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Location: Berkeley, California

Project size: 1,835 square feet

Program: Seventh Street Residence is a new two-bedroom, two-bathroom residence in Berkeley, California. The clients were moving from a large suburban house in Atlanta and wanted a house that used fewer resources but still provided space for working, visitors, and relaxation. This 1,800-square-foot house is 1,000-square-feet smaller than their previous house but still provides a variety of spaces, light conditions, and functions. The house also uses all-electric appliances, is equipped with a charging station for electric vehicles, and is partially powered by solar panels.

Design Solution: Seventh Street Residence begins as a formal inquiry emerging from a critical reexamination of Berkeley’s context—in particular the prevalent wood-framed bungalows from the 1920s that share a consistent spatial typology and relationship to the street. The bungalow typology consists of a simple rectangular plan filled with rooms that abut each other. Each room houses a single typical residential program—sleeping, cooking, bathing, or socializing. A simple roof caps everything, often yielding a blocky and undifferentiated mass. Interiors are dark and cramped, with no spaces of transition. Throughout the neighborhood, this pattern recurs ubiquitously.

For this project, context is understood not as scalar relationships or elevational consistencies. Instead, it is seen as something spatial that can respond to experiential needs and create a richer residential experience. The design strategy expands, shifts, and rotates volumes to introduce natural light, establish privacy, or make connections. These spaces retain their original functions—bedrooms, kitchen, living room, and bathrooms—but are modified slightly to accommodate contemporary living. All the rooms retain the intimate scale associated with the bungalow typology yet gain the benefits of this volumetric strategy.

Structure and Materials: Rather than follow the bungalow strategy of using a highly articulated front porch to hide bulky massing, Seventh Street Residence expresses the three-dimensional aggregation of four primary masses. Material choices enhance the formal strategy. Each volume is uniformly finished with a reflective, neutral-but-light plaster. Where the volumes intersect, articulated wood panels and openings create contrast. Other openings are simple windows that yield to the monolithic form sheathed in white plaster.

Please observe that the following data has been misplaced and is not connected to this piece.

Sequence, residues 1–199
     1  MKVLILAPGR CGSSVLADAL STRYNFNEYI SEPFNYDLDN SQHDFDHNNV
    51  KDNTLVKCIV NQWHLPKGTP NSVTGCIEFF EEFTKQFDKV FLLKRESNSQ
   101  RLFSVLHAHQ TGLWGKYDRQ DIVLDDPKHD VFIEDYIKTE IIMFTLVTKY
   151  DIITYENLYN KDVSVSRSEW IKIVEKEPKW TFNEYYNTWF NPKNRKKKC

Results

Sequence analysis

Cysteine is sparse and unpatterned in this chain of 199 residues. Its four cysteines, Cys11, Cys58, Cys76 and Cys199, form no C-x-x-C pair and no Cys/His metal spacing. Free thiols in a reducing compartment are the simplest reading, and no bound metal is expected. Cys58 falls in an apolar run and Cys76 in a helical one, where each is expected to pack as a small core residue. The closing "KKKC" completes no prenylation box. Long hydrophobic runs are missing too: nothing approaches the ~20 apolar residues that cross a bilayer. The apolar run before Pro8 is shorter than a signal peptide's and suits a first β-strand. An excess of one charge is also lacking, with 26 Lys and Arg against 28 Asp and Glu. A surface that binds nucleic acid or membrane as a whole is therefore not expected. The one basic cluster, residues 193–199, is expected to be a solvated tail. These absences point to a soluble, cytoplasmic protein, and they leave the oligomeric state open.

Additional information
Completion date: May 2022
Site size: 5,000 square feet
Total construction cost: $850,000
Client/owner: Criss and Martha Hartzell

Seventh Street, interior.


Seventh Street, bathroom.


Photos © Bruce Damonte

Bungalow diagrams.


Seventh Street, plans.


Seventh Street, plan.


Elevations, 1.


Elevations, 2.


Elevations, 3.


Diagram (1), plans (2 + 3), and elevations (4, 5, 6). Images courtesy the firm


Sidell Pakravan Architects
2445 Sixth Street, Berkeley, CA 94710
(323) 428-4958

Personnel in architect's firm who should receive special credit:
Principals: Kristen Sidell, Rudabeh Pakravan
Design Lead: Keenan Gravier
Project Manager: Vadim Mishchuck

Structural: L Wong Engineering

Historian: Watson Heritage Consulting
Energy: Basaltic, Inc.

General contractor:
FCO General Construction

Bruce Damonte


Exterior Cladding
Wood: Douglas fir
EIFS, ACM, or other: Traditional cement

Wood frame: Marvin Ultimate

Sliding doors: La Cantina

Interior Finishes
Cabinetwork and custom woodwork: Crystal Cabinets
Wall coverings: Douglas fir
Special surfacing: Warmboard Radiant
Floor and wall tile: Heath Chalk Gunmetal

Kitchen Faucet: Axor Citterio
Master Bath Sink: Lacava Cube

Photovoltaic system: Element Power Systems